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The other concessions to the slave States were Article 4, section 2, clause 2, concerning the return of fugitive slaves, and Article 1, section 2, clause 3, giving representation in Congress to the number of inhabitants plus three-fifths of the slaves. The consideration for these concessions was the elimination of the following section: "No Navigation Act shall be passed without the assent of two-thirds of the members present in either House."

Compromise Tariff.—A Tariff Act introduced by Henry Clay in 1833. (See Tariffs of the United States.)

Concord Mob.—In August, 1835, a time when the anti-slavery leaders were decried and insulted even in New England, John Greenleaf Whittier accompanied George Thompson, an English orator, to Concord, New Hampshire, to make arrangements for an anti-slavery meeting. A mob of several hundred gathered, assailed Whittier with sticks and stones, injured him and drove him into the house of an honorable man, though not an Abolitionist. Meanwhile the house which held Thompson was also attacked. Whittier managed to join him. A cannon was actually brought to bombard the house, but finally the rioters dispersed without doing serious damage, and Whittier and Thompson escaped from the town.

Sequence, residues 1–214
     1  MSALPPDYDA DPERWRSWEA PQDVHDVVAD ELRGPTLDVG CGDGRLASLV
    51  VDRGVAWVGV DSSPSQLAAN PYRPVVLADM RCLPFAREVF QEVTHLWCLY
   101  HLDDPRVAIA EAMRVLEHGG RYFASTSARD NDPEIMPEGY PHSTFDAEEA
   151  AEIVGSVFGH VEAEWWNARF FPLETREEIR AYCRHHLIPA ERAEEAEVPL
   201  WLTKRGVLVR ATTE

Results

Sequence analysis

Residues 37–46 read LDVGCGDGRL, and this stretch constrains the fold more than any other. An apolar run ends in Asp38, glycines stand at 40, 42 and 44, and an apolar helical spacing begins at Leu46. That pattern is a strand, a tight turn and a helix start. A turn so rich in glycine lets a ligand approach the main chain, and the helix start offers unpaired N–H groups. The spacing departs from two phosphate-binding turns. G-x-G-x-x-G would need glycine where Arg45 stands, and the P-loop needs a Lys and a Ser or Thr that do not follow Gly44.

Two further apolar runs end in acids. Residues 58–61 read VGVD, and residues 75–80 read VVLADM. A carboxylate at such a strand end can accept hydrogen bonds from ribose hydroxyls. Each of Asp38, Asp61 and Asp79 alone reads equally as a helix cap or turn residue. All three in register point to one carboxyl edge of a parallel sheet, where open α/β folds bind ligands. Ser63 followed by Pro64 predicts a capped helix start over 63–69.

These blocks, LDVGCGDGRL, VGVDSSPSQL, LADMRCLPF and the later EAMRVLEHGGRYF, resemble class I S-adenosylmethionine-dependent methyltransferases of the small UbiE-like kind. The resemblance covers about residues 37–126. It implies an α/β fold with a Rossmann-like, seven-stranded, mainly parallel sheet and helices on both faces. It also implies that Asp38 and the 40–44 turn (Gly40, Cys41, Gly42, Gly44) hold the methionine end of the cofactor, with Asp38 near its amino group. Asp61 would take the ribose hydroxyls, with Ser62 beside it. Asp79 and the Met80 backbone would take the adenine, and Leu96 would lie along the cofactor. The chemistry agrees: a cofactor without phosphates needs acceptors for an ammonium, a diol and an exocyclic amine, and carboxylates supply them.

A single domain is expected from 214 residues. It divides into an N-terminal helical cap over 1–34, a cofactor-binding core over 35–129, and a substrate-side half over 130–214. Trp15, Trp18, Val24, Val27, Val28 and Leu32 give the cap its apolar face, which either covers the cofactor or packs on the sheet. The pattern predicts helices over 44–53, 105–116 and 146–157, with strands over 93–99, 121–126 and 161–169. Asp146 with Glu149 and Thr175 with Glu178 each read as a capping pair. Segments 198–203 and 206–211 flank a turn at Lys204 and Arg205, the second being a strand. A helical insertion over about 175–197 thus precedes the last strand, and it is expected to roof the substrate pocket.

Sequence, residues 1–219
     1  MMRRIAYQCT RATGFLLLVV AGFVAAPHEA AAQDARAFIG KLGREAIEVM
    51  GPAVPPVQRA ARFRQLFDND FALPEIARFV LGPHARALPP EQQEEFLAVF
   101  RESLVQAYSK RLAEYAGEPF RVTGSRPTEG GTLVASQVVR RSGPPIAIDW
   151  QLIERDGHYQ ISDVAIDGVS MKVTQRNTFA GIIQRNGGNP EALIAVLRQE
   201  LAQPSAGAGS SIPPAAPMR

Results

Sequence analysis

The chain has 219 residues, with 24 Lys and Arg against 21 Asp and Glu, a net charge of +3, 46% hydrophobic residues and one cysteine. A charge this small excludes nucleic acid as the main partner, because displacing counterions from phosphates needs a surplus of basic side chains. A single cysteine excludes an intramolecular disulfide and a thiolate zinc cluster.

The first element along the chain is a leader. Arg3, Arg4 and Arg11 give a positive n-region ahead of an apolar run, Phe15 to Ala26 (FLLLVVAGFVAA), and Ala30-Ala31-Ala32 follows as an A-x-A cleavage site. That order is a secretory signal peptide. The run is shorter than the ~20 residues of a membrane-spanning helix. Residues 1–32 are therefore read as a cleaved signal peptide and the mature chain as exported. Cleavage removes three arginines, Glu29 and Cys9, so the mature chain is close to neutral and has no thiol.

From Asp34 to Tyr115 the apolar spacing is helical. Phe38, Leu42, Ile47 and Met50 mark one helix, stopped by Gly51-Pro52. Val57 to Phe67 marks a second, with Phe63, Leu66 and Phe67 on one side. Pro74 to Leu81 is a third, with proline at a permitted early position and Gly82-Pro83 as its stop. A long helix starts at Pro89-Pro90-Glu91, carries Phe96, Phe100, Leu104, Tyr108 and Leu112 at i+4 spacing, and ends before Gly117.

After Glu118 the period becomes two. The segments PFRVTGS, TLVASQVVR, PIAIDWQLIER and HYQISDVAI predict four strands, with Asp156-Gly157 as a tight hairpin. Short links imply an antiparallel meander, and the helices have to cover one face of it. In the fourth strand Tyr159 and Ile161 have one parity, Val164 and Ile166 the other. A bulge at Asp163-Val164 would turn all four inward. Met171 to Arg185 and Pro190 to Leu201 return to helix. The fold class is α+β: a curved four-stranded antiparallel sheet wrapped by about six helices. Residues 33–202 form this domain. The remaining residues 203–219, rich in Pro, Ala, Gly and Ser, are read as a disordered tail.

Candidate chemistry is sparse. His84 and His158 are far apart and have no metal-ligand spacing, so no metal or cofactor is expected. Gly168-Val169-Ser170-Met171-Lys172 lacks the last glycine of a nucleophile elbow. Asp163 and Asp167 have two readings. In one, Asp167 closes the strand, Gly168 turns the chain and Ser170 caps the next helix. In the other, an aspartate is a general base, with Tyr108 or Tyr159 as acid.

Confederate States, The.—The name adopted by the States that seceded in 1861. Delegates from six of these States met at Montgomery, Alabama, February 4,

1861, and formed a provisional government under the above name. The delegates to the convention had been appointed by the different State conventions, and not elected by the people. The government thus established adopted provisionally the Constitution of the United States, making in it such changes as suited their purpose, and declared all the laws of the United States in force until repealed. The legislation of the provisional Congress (consisting of one House only) dealt with the carrying on of the war, the raising of money and the adoption of a permanent constitution. In February,

1862, this constitution having been adopted by all the States, an election was held under it, and Jefferson Davis and Alexander H. Stephens (the provisional President and Vice-President) were chosen. They were inaugurated February 22, 1862. The capital had been removed to Richmond, Virginia, and there it remained during the war. The influence of Congress on the course of events was but small, all the real power being in the hands of the President, who made his influence felt in every department. The surrender of Lee in 1865 put an end to the Civil War, and at the same time to the Confederacy. Most of the changes that were made in the Constitution were made for the purpose of securing explicit recognition of slavery and of the sovereignty of the States. A point of interest to us is a prohibition on laying any duties on imports "to promote or foster any branch of industry."